If anything could be a game changer for Perry, this could be it — assuming he can follow this up with better and more positive debate performances.  But even if it’s not the game changer Perry needs, this plan does look like the kind of game-changer that Republicans can use to keep the focus on the economy in 2012.

Update: The Club for Growth likes the Perry plan — a lot.  They also take a swipe at Romney:

“Rick Perry’s plan for tax reform would be massively pro-growth,” said Club for Growth President Chris Chocola. “A Flat Tax like the one proposed by Perry would unleash years of economic growth if it is passed into law. Furthermore, eliminating the tax on dividends and capital gains would immediately add trillions of dollars in new wealth to the economy, benefiting all Americans. Perry clearly understands that revitalizing  the economy should start with a complete overhaul of a tax code that has nearly choked economic growth to death. Conservatives looking for a champion to carry the banner of a pro-growth tax reform will surely rally behind this bold proposal.”

“I continue to be disappointed that Governor Romney has yet to embrace a flat or fair tax,” added Club for Growth President Chris Chocola. “He would be wise to avoid using class warfare when comparing his current proposals to those of Governor Perry or Herman Cain. The Club for Growth is looking for bold leadership on tax reform from the Republican nominee – not demagoguery or platitudes.”

The question about conservatives rallying to the plan is secondary, at the moment, to whether they will rally to the man.

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Comment pages: 1 2

In the tank…as expected.

Chudi on October 25, 2011 at 12:15 PM

Racist lovers, ain’t they.

cozmo on October 25, 2011 at 12:17 PM

Listening at work to Rush defend Herman Cain. Love it.

Elisa on October 25, 2011 at 12:20 PM

BTW, notice Drudge is saying Europe’s economy is grimmer by the day…you know the failing economy that Mitt said was a “hypothetical” and was afraid to answer…well Mitt, you little prognosticator of all, looks like you aren’t such an economic genius after all.
Meanwhile, Perry is out creating a logical, bold, tax plan that is under 1,000 pages…

right2bright on October 25, 2011 at 12:21 PM

Perry needs to spend several hours a week in a mock debate. No matter how good his economic plan is, if he can’t beat Obama in a debate, I don’t want him to be the Republican nominee.

huckleberryfriend on October 25, 2011 at 12:28 PM

My head is spinning and I am getting a sick feeling over Perry’s plan.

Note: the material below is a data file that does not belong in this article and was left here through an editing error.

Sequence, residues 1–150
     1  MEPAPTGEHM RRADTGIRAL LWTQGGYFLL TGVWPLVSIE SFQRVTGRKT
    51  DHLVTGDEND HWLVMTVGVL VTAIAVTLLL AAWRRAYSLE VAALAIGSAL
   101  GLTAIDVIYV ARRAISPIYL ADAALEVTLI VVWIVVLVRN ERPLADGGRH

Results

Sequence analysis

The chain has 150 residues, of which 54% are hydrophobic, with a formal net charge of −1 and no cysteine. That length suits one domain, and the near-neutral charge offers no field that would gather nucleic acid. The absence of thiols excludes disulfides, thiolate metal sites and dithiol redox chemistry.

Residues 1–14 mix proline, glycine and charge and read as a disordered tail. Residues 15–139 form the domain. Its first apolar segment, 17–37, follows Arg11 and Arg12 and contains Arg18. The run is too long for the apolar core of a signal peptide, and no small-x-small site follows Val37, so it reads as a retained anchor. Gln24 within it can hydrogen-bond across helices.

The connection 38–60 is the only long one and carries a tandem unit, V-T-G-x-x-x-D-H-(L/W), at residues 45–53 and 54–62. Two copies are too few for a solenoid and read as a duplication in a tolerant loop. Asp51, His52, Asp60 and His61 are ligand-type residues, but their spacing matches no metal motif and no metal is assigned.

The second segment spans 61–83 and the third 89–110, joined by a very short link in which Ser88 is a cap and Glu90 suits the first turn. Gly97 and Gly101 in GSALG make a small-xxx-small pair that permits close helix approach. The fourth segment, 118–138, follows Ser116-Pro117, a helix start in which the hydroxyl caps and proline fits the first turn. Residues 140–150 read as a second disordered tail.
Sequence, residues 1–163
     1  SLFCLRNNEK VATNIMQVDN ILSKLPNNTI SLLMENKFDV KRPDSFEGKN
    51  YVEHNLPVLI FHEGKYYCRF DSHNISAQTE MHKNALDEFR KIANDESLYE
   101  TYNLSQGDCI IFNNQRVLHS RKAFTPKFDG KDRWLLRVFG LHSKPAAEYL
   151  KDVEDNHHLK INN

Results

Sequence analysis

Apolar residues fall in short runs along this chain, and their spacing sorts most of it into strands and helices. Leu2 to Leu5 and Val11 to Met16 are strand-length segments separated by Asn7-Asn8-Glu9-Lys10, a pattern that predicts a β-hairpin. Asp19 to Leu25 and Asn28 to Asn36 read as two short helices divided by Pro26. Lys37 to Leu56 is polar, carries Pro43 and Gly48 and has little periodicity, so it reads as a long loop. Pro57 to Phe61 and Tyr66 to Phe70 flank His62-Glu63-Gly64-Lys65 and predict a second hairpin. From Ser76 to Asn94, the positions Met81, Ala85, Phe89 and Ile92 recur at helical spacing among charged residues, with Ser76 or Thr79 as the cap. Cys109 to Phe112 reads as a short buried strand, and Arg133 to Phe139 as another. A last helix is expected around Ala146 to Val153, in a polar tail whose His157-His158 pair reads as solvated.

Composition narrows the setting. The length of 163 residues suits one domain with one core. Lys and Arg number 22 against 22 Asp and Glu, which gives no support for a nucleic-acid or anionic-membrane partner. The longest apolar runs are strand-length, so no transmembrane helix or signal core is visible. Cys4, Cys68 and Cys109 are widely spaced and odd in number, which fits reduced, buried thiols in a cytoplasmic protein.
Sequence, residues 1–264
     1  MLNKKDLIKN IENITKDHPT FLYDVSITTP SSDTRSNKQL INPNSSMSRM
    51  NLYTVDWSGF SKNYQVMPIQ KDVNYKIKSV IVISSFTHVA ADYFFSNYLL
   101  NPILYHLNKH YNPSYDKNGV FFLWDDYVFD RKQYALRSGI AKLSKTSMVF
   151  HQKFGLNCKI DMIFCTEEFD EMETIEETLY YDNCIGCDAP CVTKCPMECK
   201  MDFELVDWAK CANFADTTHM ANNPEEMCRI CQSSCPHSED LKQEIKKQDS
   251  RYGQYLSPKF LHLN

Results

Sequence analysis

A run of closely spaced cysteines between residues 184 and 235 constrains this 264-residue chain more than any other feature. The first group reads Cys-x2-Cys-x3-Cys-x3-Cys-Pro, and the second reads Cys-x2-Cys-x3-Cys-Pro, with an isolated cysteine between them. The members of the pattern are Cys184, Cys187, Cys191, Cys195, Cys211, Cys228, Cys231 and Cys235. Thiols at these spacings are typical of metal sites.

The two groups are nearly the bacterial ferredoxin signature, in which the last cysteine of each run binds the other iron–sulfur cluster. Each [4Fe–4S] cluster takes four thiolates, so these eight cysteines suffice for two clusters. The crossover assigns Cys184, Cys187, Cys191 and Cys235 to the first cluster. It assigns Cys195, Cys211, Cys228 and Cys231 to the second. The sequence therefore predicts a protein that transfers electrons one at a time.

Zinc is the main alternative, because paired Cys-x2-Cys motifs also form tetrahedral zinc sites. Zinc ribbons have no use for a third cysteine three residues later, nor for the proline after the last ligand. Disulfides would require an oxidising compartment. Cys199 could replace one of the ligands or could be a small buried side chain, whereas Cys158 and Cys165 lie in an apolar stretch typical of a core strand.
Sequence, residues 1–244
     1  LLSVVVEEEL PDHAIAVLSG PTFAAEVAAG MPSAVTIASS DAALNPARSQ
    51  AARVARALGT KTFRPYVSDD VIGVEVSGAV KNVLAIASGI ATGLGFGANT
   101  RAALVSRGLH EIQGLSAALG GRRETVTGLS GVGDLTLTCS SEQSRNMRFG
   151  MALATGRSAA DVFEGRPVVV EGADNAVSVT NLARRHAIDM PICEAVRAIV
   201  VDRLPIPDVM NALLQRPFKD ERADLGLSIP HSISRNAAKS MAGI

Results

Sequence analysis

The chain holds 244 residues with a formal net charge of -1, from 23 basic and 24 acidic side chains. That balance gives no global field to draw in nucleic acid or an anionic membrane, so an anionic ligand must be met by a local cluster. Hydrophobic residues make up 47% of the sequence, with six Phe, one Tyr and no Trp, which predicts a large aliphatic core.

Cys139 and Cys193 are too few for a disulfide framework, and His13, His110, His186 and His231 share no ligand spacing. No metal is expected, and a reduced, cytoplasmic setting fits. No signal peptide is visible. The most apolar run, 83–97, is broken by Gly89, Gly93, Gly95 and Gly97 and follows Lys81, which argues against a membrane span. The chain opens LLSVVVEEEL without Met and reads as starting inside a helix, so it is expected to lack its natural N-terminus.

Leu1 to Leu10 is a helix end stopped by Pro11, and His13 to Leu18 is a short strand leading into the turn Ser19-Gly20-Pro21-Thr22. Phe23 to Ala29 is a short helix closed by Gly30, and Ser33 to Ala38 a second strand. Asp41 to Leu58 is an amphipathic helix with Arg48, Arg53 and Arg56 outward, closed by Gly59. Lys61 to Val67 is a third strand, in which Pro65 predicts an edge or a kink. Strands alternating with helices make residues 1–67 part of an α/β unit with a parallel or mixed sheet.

Last night his WSJ article said the “Standard Deduction” would be raised to $12,500. That’s $900 more than the current 2011 Standard Deduction of $11,600, for people who do NOT itemize their deductions on a Sch A.

Today, as Ed mentions above, it seems he means raising the Personal Exemption each per taxpayer and spouse and each dependent. And still keep some of the deductions that would go into the Standard Deduction/Sch A, like mortg int and state and local taxes and contributions. (Cain only allows contributions.)

In 2011 the Personal Exemptions are $3,700 per person in the family. Currently, a family of 4 would have $14,800 exempted from income.

This would be raised to $50,000 plus some of the current deductions for a family of 4? So it could be $60,000 or more tax free?

What about people with 3 children? $62,500 – $72,500 or more tax free?

What about people with 4 children? $75,000 – $85,000 or more tax free?

This can’t be the case. This needs to be explained.

Otherwise, instead of reducing the number of Americans who pay ZERO taxes today, it would increase the number of Americans who pay ZERO tax.

Is there a link yet to the details of this plan?

Elisa on October 25, 2011 at 12:31 PM

“I, El Rushbo, think [Perry's plan] is great.”

fossten on October 25, 2011 at 12:35 PM

Otherwise, instead of reducing the number of Americans who pay ZERO taxes today, it would increase the number of Americans who pay ZERO tax.

Elisa

On the upper end too because of his 0% capital gains tax.

We might as well just cut to the chase and have ZERO TAXES FOR ALL! It’s like liberals and their MEDICARE FOR ALL! Consequences be damned!

haner on October 25, 2011 at 12:37 PM

Perry has been a governor for over 20 years. You seriously think he is afraid of the media? Then you are naive.

Decisions on whether or not to appear on media “shows” are made by campaign strategists after they do a cost-benefit analysis.

Let me give you a hint: What was the benefit of making Perry go on those shows when he hadn’t yet finalized the details of his economic/energy plan. You have to be armed with specifics. Cain’s bungled 9-9-9 plan should have taught you that much.

Maybe YOU should be armed with specifics. While Perry is the longest-serving Republican Governor, he has NOT been Governor for 20 years. He was promoted from Lt. Governor to Governor when George W. Bush resigned to become President in 2001, which was less than 11 years ago.

Whether Perry is “ready for prime time” is highly debatable. He was nearly tied with Romney when he entered the race, but was clearly unprepared for the debates–why didn’t he “arm himself with specifics” BEFORE getting into the Presidential race?